The impact of influenza on those who have had cardiovascular issues including heart attack and stroke is measurable and should be taken seriously. In the 2017-2018 flu season, half of the adults hospitalized because of flu had heart disease, according to the Centers for Disease Control and Prevention (CDC). People who have had heart attacks and strokes are at high risk for developing complications resulting from flu. October marks the beginning of flu season and preventative measures should be taken now.
Among the complications flu can create for those with cardiovascular issues are bacterial pneumonia, an increase in chronic heart problems and respiratory failure. The restriction of oxygen traveling to the lungs created by pneumonia adds stress to the heart. In order to pump the right amount of oxygen-carrying blood, the heart works harder than it should to compensate, creating a strain on the muscle.
It is estimated that the common cold can be caused by over 100 different viruses. However, there are only three viruses known to bring on influenza. Seasonal outbreaks are caused by flu viruses A and B while type C usually results in milder respiratory symptoms.
Another characteristic that separates flu from colds is that symptoms can appear suddenly. They include body aches, headaches, chills and fever. The CDC notes that fever may not appear in everyone who contracts the flu. Cough, sore throat, runny nose and stuffy nose are also flu symptoms. Sometimes, diarrhea and vomiting will occur.
Emergency symptoms in those with heart issues
People who have had a heart attack or stroke may see severe symptoms that require immediate medical attention. Confusion, difficulty in breathing and shortness of breath are three of those symptoms. Sudden dizziness, chest or abdominal pain and severe vomiting are also serious signals.
If any of these symptoms appear, a physician or cardiologist should be contacted immediately.
Flu vaccines are updated each year. Calculations are made based on updated information about current circulating viruses and vaccines targeting the prevalent strains are created. The vaccines are safe for most people with cardiovascular health issues. Vaccines are usually administered by a shot in the upper body region, such as the arm, and side effects are generally mild and short-lived. If an allergy to eggs exists or if a reaction has occurred to previous vaccinations, the physician should be notified in advance.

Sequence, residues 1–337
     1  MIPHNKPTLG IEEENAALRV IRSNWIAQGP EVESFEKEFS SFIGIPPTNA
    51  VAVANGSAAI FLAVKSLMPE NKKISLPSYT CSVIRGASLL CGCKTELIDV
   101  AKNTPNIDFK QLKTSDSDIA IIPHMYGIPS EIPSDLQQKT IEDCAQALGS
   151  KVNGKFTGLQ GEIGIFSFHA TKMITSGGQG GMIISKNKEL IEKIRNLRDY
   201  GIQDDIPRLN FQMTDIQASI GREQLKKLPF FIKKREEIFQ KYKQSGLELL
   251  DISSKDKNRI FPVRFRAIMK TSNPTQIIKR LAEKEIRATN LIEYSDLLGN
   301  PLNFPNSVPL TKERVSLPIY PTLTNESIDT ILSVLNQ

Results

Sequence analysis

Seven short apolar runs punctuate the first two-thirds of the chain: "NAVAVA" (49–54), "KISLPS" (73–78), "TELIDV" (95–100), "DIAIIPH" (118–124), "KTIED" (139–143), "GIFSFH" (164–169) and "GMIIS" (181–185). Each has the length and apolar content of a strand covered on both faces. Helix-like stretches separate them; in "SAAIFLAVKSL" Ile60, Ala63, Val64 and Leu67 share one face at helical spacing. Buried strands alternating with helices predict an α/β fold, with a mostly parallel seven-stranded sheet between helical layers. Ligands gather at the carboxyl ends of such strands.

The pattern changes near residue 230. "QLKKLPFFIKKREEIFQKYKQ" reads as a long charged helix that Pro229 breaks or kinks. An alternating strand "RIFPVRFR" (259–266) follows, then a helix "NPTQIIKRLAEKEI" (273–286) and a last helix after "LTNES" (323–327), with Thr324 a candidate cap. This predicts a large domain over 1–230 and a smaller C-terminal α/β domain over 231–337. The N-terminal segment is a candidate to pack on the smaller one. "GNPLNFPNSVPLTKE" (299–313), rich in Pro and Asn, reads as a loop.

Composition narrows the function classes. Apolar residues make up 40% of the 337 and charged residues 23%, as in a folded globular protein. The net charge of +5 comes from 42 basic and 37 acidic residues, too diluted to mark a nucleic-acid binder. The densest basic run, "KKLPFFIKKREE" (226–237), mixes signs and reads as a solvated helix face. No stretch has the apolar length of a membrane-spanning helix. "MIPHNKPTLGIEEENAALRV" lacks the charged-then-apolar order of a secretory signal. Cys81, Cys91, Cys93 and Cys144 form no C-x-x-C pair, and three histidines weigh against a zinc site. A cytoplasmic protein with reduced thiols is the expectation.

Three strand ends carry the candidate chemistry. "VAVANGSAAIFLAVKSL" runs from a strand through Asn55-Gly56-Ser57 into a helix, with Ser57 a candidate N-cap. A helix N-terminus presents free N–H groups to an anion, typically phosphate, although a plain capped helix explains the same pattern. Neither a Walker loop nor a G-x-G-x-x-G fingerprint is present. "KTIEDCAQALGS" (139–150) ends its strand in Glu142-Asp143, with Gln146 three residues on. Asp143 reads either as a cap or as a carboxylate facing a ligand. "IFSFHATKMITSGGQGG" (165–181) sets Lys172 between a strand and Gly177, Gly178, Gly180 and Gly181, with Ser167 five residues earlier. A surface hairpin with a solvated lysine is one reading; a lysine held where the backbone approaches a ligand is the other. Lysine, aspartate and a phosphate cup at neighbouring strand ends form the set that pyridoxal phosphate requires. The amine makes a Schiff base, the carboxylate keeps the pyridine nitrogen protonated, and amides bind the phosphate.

In addition to a flu vaccine, immunization against pneumonia is also recommended. Any vaccine should be thoroughly discussed with a physician or cardiologist to make sure the patient’s body is capable of handling any possible side effects.
Because the season begins in fall and lasts until spring, vaccinations are recommended between August and November.
Along with vaccinations for flu, it is recommended that a two-week supply of an individual’s regular heart medication be kept on hand. Heart medication should never be stopped without consulting a physician and those with heart issues should notify a doctor immediately of any changes in their breathing.
Vaccination is the best method of preventing flu. But, in addition to taking a flu shot, it makes sense to avoid being around people who have it. Additionally, frequent hand washing during flu season and avoiding touching the face with the hands is also recommended. Getting plenty of rest is also imperative. Making sure home and work surfaces are clean also helps.
If someone with heart disease is diagnosed with influenza, immediate treatment is necessary. Anti-viral drugs may be prescribed that can help reduce the impact of flu symptoms and help curtail the development of more serious conditions.
To learn more about the impact of the flu on heart patients and prevention, log on to vascularhealthclinics.org.